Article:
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These are uncertain times. There are millions of people unemployed and many forecasts are predicting that 1 in 4 dining establishments might not even bounce back from the COVID-19 crisis. While some people would say it’s the absolute worst time to take a leap of faith and start your own business venture, others might argue this is the exact push you need to dive into the unknown. There are several obvious things you should check first before deciding on one of the riskiest and scariest ventures of your life. 

The first thing to do is to have some self-reflection. Have an honest conversation with yourself about how much you are truly dedicated to the idea of your business possibly taking off. Are you prepared to do this for years, sacrificing everything? If it’s something you love, are you willing to accept that you might not get to do it first-hand once you are running a business? Someone who loves children and opens a childcare facility doesn’t necessarily get to play with children all the time.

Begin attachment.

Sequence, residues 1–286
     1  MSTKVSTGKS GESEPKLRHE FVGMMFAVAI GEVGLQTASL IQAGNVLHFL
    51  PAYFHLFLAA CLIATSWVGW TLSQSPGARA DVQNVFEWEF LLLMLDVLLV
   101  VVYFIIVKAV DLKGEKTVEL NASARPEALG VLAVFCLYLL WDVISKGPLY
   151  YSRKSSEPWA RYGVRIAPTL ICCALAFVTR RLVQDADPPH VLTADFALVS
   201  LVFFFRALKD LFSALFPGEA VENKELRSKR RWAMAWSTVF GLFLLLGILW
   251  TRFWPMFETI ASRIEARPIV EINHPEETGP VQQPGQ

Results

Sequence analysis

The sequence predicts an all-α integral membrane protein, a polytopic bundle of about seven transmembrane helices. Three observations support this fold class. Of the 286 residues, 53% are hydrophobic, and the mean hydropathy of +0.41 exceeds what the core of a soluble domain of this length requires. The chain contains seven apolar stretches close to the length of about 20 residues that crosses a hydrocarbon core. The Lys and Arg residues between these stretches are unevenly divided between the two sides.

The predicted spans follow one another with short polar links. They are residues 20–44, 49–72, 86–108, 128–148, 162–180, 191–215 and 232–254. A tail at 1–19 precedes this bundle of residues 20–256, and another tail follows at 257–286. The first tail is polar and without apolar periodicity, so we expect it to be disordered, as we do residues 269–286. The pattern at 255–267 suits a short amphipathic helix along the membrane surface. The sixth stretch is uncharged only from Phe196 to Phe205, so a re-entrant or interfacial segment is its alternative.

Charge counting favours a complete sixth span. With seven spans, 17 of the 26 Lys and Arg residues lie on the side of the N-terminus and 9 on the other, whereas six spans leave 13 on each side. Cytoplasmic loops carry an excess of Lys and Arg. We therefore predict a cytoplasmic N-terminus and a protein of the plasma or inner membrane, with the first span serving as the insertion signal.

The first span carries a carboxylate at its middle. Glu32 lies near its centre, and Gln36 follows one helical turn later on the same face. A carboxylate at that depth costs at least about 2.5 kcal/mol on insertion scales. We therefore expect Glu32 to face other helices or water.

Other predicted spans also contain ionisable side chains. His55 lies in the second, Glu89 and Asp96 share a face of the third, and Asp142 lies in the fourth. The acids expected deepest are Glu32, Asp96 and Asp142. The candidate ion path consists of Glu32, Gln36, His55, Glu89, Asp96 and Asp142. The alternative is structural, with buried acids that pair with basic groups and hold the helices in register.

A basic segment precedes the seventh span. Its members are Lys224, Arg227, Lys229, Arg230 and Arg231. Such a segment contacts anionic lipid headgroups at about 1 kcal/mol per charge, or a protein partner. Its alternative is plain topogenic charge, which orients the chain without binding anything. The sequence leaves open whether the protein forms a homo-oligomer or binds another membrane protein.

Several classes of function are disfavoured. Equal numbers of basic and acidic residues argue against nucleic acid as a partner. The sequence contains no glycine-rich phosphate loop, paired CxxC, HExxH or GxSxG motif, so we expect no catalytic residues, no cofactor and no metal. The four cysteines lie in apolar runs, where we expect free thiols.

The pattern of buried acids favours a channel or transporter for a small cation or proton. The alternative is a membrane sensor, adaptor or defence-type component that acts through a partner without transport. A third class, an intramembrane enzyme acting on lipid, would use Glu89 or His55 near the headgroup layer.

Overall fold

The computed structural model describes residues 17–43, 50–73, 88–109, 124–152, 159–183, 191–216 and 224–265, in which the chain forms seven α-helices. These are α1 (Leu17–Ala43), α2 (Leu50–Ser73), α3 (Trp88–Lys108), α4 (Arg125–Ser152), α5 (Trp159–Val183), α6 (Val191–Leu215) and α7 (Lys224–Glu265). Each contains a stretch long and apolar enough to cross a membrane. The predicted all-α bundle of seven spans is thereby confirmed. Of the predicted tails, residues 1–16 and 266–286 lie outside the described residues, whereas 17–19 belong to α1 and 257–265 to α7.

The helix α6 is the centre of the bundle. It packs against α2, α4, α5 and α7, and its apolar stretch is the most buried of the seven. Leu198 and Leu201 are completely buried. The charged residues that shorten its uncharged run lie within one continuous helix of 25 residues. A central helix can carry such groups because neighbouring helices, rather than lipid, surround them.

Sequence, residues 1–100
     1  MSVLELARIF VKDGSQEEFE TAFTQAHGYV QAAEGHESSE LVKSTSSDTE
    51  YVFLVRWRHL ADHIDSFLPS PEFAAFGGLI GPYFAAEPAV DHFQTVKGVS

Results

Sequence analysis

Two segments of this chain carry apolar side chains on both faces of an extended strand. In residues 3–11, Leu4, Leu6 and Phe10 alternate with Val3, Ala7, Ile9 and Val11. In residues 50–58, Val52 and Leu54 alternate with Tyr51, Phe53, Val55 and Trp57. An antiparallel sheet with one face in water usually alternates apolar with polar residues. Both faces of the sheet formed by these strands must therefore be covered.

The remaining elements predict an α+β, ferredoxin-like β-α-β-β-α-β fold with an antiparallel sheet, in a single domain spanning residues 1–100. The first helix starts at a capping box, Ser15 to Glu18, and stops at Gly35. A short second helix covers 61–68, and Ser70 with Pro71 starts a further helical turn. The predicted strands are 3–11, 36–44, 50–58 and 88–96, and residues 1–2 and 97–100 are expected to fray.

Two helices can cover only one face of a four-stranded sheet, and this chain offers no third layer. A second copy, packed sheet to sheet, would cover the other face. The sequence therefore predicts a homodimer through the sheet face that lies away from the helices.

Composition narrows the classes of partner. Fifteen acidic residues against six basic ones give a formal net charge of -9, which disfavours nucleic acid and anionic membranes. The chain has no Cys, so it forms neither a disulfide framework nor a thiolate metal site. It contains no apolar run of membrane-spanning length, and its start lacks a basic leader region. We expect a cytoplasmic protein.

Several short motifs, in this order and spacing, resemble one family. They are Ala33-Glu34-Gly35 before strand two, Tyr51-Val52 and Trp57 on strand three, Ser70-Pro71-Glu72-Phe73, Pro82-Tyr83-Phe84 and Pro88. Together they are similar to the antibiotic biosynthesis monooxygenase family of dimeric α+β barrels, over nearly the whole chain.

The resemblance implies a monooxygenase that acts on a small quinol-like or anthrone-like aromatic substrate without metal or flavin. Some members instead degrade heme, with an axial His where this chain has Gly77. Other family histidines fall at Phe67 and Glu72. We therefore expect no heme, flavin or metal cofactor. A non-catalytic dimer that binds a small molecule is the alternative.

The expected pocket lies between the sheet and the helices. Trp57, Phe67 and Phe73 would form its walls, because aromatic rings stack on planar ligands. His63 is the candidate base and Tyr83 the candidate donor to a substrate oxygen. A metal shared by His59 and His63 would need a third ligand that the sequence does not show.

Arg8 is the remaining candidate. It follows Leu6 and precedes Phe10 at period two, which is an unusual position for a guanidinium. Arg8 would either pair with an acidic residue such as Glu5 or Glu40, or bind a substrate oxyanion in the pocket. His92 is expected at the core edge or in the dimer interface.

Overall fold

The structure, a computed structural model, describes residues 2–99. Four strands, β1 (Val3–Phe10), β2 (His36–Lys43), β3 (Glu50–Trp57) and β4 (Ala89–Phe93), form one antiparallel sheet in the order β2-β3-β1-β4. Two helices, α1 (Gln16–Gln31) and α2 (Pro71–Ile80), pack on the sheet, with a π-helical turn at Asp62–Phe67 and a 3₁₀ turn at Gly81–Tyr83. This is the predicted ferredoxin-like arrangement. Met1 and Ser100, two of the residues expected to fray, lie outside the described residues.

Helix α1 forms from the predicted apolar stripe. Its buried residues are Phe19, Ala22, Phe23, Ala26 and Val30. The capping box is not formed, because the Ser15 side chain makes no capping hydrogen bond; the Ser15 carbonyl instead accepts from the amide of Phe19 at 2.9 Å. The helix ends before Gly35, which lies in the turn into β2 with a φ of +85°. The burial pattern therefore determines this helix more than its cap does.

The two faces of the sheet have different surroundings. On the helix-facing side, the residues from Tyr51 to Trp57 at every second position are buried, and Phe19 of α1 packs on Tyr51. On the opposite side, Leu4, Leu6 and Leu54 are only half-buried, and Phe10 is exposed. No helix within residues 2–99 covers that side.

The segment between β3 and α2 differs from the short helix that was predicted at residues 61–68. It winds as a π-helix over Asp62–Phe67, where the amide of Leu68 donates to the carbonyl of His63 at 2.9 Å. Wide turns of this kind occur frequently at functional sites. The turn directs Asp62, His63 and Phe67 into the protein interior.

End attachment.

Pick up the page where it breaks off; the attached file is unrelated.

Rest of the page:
Aside from getting enough cash flow, acquiring a successful team is a major secret behind not failing, at least for the first few years. This means a combination of soft and hard skills in addition to extensive knowledge about the product or service being sold, and all of its potential competition. Having social media and the interconnectedness of all things is great, but it also expands your neighborhood competition to include pretty much the entire world. 

Get a business plan together that includes projections for the next 5 to 10 years, including when you expect to reach profitability. Make your numbers realistic but don’t be afraid to have confidence. Investors are looking to invest in you as much as they are what you’re pitching to them. They want to feel like their money is in good hands. 

For people who are going it alone, bootstrapping means doing side hustles to make ends meet until you are free to fully commit to your new mission and finally quit your fulltime job. This moment might actually be the scariest part. If possible, try to keep holding onto your steady employment until you can’t possibly stretch yourself any further.